Pablo Meyer never meant to study the mysteries of smell; he’s actually a trained physicist whose Ph.D. focused on circadian clocks, the internal sense of time that dictates sleeping schedules. But Meyer — a genetics professor at Mount Sinai’s Icahn School of Medicine and a researcher with IBM’s DREAM challenge, which attempts to reverse engineer biological conundrums for practical everyday solutions — has long been fascinated by how molecules inform behavior, and vice versa.
Meyer is lead author of a recent study published in Science that has reverse engineered smell to potentially change how we interact with it. “Olfaction was a big mystery,” Meyer said. People, he tells Inverse, understand smell to be singular, something everyone understands as the same. But the fact is that our sense of smell — last cataloged in 1982 in a database of scents called The Atlas of Odor Character Profiles — is hugely influenced by our family, culture, and environment.
“Olfaction is one of those things that we ignored,” Meyer rues, saying it’s often cast aside as a simplistic sense. “We have five senses, but others are classified as more important, like sight.”
Before the study led by Meyer, our understanding of smell was elementary at best. We knew that certain smells elicited nearly universal reactions: The scent of decay came with waves of disgust, the scent of garlic was associated with food, flowers had a pleasant perfume connection. But understanding how humans reacted to certain scents was a mystery.
Meyer and his team sought to elucidate our sense of smell by revisiting the nearly 40-year-old smell dataset with 49 individuals. The previous study asked participants to choose from about 120 words when describing smells, but to Meyer and his colleagues, that was overly complex and “had too many dimensions, too much space [for interpretation].” They settled instead on a little more than 20.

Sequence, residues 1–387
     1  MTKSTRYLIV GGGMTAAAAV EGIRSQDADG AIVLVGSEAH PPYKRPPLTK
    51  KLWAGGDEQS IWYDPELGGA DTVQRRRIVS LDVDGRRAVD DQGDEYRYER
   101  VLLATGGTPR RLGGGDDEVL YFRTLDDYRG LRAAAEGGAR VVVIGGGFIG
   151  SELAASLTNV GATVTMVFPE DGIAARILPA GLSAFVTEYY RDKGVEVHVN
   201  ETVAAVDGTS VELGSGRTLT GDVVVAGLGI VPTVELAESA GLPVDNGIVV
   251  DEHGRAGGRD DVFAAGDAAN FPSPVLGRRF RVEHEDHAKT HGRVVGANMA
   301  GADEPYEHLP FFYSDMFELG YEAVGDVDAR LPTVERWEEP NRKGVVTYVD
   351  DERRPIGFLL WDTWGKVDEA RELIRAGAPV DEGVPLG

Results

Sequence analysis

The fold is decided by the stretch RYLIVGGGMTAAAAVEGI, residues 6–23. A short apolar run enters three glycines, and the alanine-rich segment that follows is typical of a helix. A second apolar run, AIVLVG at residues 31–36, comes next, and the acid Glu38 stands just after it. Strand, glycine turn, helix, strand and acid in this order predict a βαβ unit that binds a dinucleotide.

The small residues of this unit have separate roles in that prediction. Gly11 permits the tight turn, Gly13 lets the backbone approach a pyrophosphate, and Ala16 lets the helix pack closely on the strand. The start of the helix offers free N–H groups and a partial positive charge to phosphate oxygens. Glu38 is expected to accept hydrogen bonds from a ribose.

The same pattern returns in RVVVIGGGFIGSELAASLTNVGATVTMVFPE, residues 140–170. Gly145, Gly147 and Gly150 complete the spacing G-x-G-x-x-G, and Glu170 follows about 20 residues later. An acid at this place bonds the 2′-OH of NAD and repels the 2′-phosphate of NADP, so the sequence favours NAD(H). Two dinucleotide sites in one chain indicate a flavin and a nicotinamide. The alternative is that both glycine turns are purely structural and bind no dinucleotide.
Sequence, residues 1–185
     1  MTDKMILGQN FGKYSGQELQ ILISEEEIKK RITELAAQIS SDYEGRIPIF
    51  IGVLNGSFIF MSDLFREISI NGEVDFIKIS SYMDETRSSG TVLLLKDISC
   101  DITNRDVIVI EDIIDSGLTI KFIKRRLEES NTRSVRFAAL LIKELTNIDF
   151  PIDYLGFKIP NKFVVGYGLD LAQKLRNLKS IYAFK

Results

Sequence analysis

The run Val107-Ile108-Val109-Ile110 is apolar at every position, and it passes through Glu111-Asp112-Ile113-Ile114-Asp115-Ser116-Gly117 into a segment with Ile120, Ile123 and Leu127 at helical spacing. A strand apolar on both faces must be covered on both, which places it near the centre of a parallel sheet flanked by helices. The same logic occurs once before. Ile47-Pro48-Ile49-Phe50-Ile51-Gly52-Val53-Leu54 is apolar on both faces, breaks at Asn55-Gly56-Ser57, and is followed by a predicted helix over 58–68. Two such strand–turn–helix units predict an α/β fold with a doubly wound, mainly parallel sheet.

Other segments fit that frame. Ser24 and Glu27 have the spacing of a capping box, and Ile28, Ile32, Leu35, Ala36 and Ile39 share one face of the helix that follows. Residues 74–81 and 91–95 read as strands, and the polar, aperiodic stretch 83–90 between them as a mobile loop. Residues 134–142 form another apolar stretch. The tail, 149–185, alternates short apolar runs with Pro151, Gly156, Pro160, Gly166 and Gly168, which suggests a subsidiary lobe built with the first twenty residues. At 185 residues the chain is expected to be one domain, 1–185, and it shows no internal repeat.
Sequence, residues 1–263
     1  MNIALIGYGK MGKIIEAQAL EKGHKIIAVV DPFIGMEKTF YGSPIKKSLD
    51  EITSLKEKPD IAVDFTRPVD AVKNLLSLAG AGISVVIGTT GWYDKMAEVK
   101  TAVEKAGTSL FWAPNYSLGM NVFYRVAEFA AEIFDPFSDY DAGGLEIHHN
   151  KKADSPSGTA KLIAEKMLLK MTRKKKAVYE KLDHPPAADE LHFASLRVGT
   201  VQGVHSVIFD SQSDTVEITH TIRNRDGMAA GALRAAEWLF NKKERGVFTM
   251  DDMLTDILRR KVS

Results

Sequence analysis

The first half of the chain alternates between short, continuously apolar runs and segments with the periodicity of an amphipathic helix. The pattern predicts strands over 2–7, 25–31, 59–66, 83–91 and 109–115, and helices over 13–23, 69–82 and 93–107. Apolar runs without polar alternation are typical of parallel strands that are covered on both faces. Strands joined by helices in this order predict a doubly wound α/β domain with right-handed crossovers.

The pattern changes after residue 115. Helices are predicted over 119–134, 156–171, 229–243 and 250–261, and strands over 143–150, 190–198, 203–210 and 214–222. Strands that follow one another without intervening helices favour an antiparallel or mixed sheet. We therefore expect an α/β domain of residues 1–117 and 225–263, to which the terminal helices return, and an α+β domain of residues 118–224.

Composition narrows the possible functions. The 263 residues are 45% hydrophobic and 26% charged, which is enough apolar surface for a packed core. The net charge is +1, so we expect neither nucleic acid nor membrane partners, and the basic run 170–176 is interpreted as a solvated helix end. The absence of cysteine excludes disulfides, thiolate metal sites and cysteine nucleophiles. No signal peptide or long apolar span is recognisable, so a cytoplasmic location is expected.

Meyer and his team collected the participants in a very aughts way — through Craigslist. Meyer said this was important in ensuring that the people who participated in creating a new catalog of smell existed across a socioeconomic spectrum, representing different races and ages. This was key because smell is not only something that is different across environments and throughout age, but also has different associations for people of different cultural backgrounds. “We were treating humans as black boxes,” Meyer said.
After rigorous statistical analysis, some clear patterns emerged: “Garlic and fish were the easiest [scents] to predict,” Meyer noted, noting that the strong aromas of each were simple on a molecular level, thereby making recognition of them a simpler task. There were also relatively universal reactions to a “decayed” scent, which was deemed unpleasant, a “urinous” scent that brought to mind the word “acid,” and a sweet aroma that made people think of bakeries.
But we’re still in early days of understanding how people react to scents — and there are a lot of people who want to know. “Think about the food industry,” Meyer says. So much of food relies on the close interplay between smell and taste. On the practical side, the smell of products that many people avoid — cleaning products from sprays to toothpastes to pills that are bitter to swallow — could be adjusted to give off a very different impression. Or think of picky eaters, or those suffering from amnosia (the total or partial loss of smell), or people in space or in airplanes (where taste and smell can be distorted) — figuring out how smell really works could be a game changer for them.
Meyer recognizes the possibility of a future where smells are used systematically to influence behavior in countless ways. For now, though, he says his research remains firmly in the realm of theory. Smell, after all, isn’t just about how an aroma or stink wafts through the air, Meyer reminds us: “It’s more complex than if you smell garlic or not. It’s about how you perceive odors.”